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Associated Press
Kentucky forward Alex Poythress goes over Connecticut guard Lasan Kromah, center, during the second half of the NCAA championship game Monday night in Arlington, Texas.
connecticut 60 kentucky 54

These dogs too tough for Wildcats

UConn’s experience pays off with school’s 4th national title

Associated Press
Connecticut guard Lasan Kromah celebrates as Kentucky guard James Young leaves the court at the end the Huskies’ victory in the NCAA championship game Monday night.

– No conference wanted them. Several teammates and their coach left them. The NCAA wouldn’t have them.

UConn won it all anyway.

Shabazz Napier turned in another all-court masterpiece Monday night to lift the Huskies to a 60-54 win over Kentucky’s freshmen and a national title hardly anyone saw coming.

Napier had 22 points, six rebounds and three assists, and his partner in defensive lock-down, Ryan Boatright, finished with 14 points.

UConn (32-8) never trailed. The Huskies led by as many as 15 in the first half and watched the Wildcats (29-11) trim the deficit to one with 8:13 left. But Aaron Harrison, Kentucky’s big-moment shooter in the last three games, missed a 3-pointer from the left corner that would’ve given the Wildcats the lead. Kentucky never got closer.

One key difference in a six-point loss: Kentucky’s 11 missed free throws – a flashback of sorts for coach John Calipari, whose Memphis team blew a late lead against Kansas after missing multiple free throws in the 2008 final. The Wildcats went 13 for 24. UConn went 10 for 10, and when Lasan Kromah made his last two with 25.1 seconds left for a six-point margin, the celebration was on.

In all, Calipari’s One and Doners got outdone by a more fundamentally sound, more-seasoned group that came into this tournament a seventh-seeded afterthought but walked away with the program’s fourth national title since 1999. They were the highest seed to win it all since Rollie Massimino’s eighth-seeded Villanova squad in 1985.

Napier and Boatright now go down with Kemba Walker, Emeka Okafor and all those other UConn champs of years past. This adds to the school’s titles in 1999, 2004 and 2011.

This one was, by far, the most unexpected.

A short year ago, UConn was playing its first season in the new American Athletic Conference after being booted from the Big East and not welcomed by any of the so-called power conferences. Longtime coach Jim Calhoun left because of health problems. And most damaging – the NCAA made the Huskies sit out of last year’s March Madness because of grade problems, which triggered an exodus of five key players to the NBA or other schools.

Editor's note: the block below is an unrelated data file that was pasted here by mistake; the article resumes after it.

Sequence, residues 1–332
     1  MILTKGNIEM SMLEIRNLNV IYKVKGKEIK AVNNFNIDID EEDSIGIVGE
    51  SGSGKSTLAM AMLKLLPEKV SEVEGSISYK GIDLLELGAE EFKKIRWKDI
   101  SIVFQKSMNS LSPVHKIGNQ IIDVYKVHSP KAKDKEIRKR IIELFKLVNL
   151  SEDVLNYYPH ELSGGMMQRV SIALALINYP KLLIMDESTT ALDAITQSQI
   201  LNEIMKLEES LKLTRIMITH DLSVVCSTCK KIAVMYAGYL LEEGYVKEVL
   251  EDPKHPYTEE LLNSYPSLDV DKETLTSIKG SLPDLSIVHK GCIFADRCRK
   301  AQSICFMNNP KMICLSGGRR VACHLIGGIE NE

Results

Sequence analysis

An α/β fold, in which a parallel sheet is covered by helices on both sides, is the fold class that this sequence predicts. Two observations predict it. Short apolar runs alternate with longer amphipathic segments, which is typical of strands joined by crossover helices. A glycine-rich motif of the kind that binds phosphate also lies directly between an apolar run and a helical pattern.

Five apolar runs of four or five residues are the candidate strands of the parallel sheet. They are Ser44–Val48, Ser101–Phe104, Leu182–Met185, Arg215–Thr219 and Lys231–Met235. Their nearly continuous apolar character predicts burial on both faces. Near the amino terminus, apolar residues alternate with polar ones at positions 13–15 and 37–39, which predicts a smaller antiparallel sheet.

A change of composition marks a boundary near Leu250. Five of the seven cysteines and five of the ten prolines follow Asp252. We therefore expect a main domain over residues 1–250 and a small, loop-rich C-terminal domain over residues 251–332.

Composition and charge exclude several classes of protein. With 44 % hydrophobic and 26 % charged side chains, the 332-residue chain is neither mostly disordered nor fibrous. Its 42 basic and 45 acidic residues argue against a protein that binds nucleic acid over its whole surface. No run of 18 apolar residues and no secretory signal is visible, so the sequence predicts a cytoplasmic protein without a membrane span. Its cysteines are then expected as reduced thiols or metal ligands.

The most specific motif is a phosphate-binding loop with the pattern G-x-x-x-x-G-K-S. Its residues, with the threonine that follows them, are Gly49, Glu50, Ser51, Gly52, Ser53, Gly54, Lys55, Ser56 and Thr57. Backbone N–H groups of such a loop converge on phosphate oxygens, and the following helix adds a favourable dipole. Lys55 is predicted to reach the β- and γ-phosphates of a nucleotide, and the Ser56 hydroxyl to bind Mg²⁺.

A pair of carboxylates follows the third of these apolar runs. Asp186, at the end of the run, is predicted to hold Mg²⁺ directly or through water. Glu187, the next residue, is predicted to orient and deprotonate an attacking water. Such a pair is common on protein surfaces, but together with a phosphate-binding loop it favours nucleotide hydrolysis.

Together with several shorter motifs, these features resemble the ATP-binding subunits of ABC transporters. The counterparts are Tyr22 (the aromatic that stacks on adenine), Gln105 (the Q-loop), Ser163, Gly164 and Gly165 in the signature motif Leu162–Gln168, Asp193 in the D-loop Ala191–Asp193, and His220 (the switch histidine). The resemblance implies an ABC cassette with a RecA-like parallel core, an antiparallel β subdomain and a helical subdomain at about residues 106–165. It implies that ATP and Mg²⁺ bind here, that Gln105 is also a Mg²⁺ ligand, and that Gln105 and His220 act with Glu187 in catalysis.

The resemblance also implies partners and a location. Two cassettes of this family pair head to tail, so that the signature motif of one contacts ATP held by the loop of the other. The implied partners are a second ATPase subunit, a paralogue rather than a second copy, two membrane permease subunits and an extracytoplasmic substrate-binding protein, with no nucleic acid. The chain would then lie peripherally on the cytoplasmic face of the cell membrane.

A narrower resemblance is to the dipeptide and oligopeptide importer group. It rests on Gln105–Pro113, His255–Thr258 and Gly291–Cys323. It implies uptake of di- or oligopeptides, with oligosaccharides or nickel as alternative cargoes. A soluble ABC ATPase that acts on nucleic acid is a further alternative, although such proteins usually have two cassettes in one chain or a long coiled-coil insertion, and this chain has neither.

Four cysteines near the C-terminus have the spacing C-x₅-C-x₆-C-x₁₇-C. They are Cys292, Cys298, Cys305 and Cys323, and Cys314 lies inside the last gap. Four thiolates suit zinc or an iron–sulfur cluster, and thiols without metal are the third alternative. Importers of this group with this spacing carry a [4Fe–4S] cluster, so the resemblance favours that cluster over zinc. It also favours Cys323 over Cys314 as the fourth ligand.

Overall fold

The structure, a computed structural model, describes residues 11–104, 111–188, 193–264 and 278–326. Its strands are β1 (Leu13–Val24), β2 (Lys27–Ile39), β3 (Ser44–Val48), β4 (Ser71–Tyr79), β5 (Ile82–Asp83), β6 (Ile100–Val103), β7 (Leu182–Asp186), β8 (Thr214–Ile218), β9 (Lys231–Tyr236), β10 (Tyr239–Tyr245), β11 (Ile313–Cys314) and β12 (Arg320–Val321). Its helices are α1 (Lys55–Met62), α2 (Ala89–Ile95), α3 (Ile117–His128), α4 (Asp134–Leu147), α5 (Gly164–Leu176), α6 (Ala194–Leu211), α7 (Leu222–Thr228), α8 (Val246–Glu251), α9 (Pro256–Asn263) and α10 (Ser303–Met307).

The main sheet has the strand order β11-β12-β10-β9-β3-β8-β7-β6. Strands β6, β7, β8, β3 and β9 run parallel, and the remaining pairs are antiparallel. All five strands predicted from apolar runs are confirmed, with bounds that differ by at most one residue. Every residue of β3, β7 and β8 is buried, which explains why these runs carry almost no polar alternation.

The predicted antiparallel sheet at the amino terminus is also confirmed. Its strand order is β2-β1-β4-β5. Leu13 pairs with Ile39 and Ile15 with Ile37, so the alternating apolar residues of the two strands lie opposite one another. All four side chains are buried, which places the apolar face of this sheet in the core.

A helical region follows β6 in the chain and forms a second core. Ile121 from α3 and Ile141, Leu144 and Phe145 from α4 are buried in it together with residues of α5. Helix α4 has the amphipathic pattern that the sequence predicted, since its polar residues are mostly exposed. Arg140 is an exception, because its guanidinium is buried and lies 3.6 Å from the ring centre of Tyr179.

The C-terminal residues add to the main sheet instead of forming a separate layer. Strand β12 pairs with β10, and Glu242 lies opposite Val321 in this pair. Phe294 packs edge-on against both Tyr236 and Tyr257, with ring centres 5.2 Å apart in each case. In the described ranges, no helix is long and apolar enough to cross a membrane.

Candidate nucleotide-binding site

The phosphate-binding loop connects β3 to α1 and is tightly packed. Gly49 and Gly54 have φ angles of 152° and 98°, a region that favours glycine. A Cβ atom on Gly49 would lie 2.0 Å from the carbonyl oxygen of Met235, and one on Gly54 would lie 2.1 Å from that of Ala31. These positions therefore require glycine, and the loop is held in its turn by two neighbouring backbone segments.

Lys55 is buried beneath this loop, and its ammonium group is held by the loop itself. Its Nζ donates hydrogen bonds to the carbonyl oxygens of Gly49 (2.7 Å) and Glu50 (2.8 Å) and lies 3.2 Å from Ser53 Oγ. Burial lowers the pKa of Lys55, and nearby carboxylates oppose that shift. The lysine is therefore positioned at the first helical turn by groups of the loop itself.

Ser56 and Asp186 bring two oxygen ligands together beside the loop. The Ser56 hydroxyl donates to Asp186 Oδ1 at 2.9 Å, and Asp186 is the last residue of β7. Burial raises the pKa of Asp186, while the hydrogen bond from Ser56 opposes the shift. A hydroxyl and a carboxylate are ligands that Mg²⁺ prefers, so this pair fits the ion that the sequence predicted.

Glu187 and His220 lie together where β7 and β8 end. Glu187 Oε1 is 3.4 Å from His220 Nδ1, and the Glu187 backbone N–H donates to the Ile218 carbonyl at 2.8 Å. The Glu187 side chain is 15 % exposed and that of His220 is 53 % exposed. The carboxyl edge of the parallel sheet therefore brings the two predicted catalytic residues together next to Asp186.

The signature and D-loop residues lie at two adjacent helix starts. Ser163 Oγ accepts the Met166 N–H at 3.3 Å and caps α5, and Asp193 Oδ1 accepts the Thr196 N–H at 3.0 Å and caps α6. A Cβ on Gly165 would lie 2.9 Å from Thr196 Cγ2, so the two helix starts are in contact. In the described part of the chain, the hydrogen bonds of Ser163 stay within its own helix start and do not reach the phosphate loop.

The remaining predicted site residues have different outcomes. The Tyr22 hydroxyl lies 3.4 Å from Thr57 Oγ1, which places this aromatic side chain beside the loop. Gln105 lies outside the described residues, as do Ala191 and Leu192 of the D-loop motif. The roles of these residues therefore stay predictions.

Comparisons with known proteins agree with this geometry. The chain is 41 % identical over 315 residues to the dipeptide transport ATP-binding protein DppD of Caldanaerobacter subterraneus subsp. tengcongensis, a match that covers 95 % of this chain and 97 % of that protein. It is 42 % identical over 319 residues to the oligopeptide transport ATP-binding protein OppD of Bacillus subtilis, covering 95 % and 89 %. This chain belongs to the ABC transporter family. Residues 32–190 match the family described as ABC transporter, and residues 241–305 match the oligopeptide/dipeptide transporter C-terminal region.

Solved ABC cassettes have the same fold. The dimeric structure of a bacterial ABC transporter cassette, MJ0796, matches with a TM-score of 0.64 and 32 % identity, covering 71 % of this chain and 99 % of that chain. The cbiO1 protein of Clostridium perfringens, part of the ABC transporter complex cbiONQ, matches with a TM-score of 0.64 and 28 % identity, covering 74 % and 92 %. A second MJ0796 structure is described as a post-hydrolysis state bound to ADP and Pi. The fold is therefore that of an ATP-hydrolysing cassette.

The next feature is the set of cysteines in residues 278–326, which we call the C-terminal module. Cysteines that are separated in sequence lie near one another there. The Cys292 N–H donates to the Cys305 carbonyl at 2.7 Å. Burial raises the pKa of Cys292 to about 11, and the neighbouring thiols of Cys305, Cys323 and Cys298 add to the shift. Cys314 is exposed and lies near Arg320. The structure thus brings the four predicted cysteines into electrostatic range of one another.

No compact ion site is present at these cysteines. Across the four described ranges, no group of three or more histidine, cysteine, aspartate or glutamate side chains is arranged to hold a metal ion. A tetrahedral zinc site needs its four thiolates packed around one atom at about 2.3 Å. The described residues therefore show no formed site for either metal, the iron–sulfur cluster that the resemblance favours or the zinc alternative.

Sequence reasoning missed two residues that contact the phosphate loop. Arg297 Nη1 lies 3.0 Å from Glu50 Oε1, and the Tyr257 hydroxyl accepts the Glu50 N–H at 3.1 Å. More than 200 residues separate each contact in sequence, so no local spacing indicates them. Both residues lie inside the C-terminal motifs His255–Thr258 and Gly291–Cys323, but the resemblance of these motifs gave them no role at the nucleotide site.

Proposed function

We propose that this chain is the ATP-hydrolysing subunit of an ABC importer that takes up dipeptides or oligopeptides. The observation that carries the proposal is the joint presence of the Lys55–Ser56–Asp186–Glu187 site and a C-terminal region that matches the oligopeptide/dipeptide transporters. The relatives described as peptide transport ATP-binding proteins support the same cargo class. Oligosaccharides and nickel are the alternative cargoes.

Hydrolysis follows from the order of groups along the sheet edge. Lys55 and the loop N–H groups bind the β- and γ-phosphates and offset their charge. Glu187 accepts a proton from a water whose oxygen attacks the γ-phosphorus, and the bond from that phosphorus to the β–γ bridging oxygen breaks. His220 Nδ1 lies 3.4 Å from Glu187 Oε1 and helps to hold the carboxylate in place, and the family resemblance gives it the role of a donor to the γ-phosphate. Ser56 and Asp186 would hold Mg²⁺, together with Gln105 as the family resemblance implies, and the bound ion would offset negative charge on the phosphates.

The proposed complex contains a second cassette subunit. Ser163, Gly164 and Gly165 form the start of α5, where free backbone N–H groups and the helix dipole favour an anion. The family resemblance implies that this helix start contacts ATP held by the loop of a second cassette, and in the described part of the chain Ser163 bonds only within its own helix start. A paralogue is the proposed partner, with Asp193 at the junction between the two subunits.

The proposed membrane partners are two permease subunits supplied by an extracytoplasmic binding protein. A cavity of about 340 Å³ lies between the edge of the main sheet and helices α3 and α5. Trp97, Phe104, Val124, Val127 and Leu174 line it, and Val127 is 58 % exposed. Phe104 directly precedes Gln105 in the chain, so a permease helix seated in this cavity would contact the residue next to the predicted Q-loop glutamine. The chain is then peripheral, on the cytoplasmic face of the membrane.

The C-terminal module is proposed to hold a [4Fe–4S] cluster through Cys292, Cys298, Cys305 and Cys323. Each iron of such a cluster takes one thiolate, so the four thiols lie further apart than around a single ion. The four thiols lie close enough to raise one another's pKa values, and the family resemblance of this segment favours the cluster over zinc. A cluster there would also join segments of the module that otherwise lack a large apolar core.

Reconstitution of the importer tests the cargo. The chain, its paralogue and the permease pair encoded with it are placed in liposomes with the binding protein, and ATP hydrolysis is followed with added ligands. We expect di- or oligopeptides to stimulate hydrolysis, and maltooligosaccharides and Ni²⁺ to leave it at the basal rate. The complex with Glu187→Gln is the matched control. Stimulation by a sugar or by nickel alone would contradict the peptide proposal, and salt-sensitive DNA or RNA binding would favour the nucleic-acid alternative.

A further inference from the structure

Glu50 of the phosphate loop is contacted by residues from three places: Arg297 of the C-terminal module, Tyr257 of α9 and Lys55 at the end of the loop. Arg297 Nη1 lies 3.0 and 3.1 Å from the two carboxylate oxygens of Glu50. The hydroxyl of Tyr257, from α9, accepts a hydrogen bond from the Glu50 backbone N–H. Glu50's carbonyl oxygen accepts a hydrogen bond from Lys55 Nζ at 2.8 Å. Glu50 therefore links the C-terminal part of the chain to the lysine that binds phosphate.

Napier stuck around. So did Boatright. And Calhoun’s replacement, Kevin Ollie, figured out how to get the most out of their grit and court sense.

They were one step ahead of Kentucky all night, holding off furious rally after furious rally.

Kentucky’s biggest push started when James Young (20 points, seven rebounds) posterized Amida Brimah with a monster dunk to start a three-point play and trigger an 8-0 run.

In the middle of that, Boatright, who shut down Harrison’s twin brother, Andrew, most of the night, twisted his left ankle while receiving an innocuous-looking pass from Napier. He called a timeout. Got it worked on and came back out.

Napier and Niels Giffey made 3s on UConn’s next two possessions, and suddenly, that one-point lead was back up to five – comfortable by this tournament’s standards.

UConn took its biggest lead of the first half at 30-15 on a pair of free throws from Giffey.

Kentucky answered with five quick points on a 3-pointer by James Young and a steal and dunk for the only points of the half from Aaron Harrison.

Young led Kentucky with 10 points in the first half, including one of his two first-half 3-pointers during an 11-2 run to finish the half.

Harrison’s twin brother, Andrew, had a 3-pointer in the late run and finished with eight points and four assists.

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